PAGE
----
As I said. You seem unable to comprehend that you must be using lenses that open to max aperture to focus. Not all do this. Again ... check the thread on FM, many top line experienced photographers have contributed. If I was a photographer worried at all about this I'd take their experience over yours any day and twice on Sundays.

Yin Ze's picture

Not sure what the hell you are talking about. Mark Galer specifically shows how mirrorless cameras focus. "If you are capturing images using smaller apertures in AF-C and low light, you are effectively starving the AF system of the light it needs to focus quickly". "For fast AF choose a wide-apertue lens and shoot wide-open in AF-C" When I need to shoot at f5.6 in lower light conditions DSLR is way better at focusing. It's why I still use D4 and D810 for event work.

https://youtu.be/slIozdjYigc?t=190

https://imgur.com/a/6siUFKj

barry cash's picture

Great concise review easy to read and understand for the average person. It tells a perspective buyer what they need to know and more. I wish other bloggers and reviewers would follow your lead.

Ps to the poster that thinks time stands still and 9k is to much for a camera and lens like this I had a Leica M 8,9,10 w 35 1.4 guess how much that digital dust was new? Why I don’t own it now TRY getting a 80% keeper rate!

EDWIN GENAUX's picture

I like reading about all the new stuff! For those who keep complaining, the time has been only from 2013 with the first models and 2017 when IBIS came and able to leave the tripod at home. I started with the A7s in '14, the age of HDR due to the lack of dynamic range in sensors on all camera makes (but Sony), where it would do 5 frames at +/- 3ev (most SW still can not process) and yes only 12MP but with image clarity of any. As far as lenses the FE 1018 (15-27), way before the A's '11, could be used on a full frame from 12 to 18 at f/4 with IS/AF/screw on filters and at night with pinpoint stars in corners which was unheard of nor was there bragging about from anyone. This continued for the 1635 and 1224 f/4 and got better with the f/2.8 and now small primes 14, 20 f/1.8 and 24 f/1.4. For those not old enough lenses in the film days were 1.2 and 2 and still used on tripods. And how long has it taken for the other makers to finally go mirrorless they are behind but loyalist still cling. For those with shallow pockets (like me) get a used Sony mark ii (A7rii still the second best) and also get the on camera apps from the playmemories store, no more tripod or filters or time-lapse gear or star trail planning just for starters. And just for info the camera JPEGs' are great, you pay for that too!, I mean now you can send JPEGS' via phone to someone fast and they like and still pay for them a second after the shot, remember the film couriers and darkroom smells!!! Just be happy with your new toys before the phone computer ($1.2K for just 2 years) takes over!!!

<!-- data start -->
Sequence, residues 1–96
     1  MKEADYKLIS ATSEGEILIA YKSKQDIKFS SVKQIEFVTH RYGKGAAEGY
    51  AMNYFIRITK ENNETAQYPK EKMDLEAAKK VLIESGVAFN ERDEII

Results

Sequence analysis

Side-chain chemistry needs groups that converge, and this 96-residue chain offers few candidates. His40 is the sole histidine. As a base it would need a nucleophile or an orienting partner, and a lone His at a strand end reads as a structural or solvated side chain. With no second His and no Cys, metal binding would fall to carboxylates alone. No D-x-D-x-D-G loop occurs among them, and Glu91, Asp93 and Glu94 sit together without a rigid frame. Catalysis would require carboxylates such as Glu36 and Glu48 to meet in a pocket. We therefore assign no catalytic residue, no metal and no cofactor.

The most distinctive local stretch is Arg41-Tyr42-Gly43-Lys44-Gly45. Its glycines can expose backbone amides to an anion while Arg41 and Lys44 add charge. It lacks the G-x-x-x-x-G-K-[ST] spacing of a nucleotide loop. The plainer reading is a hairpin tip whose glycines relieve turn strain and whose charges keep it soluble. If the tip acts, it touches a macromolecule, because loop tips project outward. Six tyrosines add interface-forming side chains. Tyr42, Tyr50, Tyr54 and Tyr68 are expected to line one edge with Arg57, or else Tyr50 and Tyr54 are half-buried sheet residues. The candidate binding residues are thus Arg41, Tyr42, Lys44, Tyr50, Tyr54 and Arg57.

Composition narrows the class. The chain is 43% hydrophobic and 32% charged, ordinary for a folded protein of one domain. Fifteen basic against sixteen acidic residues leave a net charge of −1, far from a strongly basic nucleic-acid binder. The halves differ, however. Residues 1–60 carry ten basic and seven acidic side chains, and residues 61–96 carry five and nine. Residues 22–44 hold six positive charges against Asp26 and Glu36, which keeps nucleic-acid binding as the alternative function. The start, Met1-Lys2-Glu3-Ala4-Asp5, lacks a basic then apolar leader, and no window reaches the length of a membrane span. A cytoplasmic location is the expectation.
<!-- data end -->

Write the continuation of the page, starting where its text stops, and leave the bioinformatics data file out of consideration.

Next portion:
3ric Johanson's picture

Here's some edits for your review:

Where you write:

" I have to mention this was tested with a fast SD card.", it should read:
"I tested this with an extremely slow 10 year old SD card, so I probably shouldn't comment about the performance of the camera using such old stuff and write about what I actually know about."

"During this time, you can't use the functions in the menu.", it should read:

"During this time you are able to access 99% of the menu options except for switching to video mode"

"If you run into a situation when you need to focus in a dark environment with a small aperture," - strike all references to aperture, that's not how the camera works. It's true all cameras struggle with autofocus in low light, and the a1 is no exception, however, this theory you have that it's somehow worse with small aperture is just flat wrong. It's only true if you are using a manual lens with manual aperture control. Which maybe you are if you are using 10 year old SD cards -- but with any modern electronic controlled aperture lens you'll find it does not stop down during autofocus. It does a Depth of Focus preview after it completes focus and stops down the lens. By all means, give this a test: Shine a light into your lens and watch the aperture when you half press with "effects preview off".

Yin Ze's picture

3ric, please submit your resume to Sony PR. They'll mail you a free BE ALPHA(after the buffer clears) hat while your application is pending.

Yin Ze's picture

"During this time you are able to access 99% of the menu options except for switching to video mode" - THIS IS THE BIGGEST FLAW IN A HYBRID CAMERA WHERE IT IS VERY IMPORTANT FOR THE USER TO QUICKLY SWITCH FROM STILLS TO VIDEO AND BACK.

3ric Johanson's picture

Look I get it, it's a problem. It's really a problem for instagram models and the like with their on the go lifestyles. Personally, I don't use video -- like many photographers we just shoot stills. And videographers -- they mostly shoot video. So this "massive shortcoming" may not be as impactful as you are screaming about. But my point, was that the reviewer claimed "everything is locked out" which is flatly wrong. Yes, it's true that you can't swap between video and stills until the buffer clears. It's clear that your usecase seems to require this, so it's not the camera for you. Maybe stick to your iphone.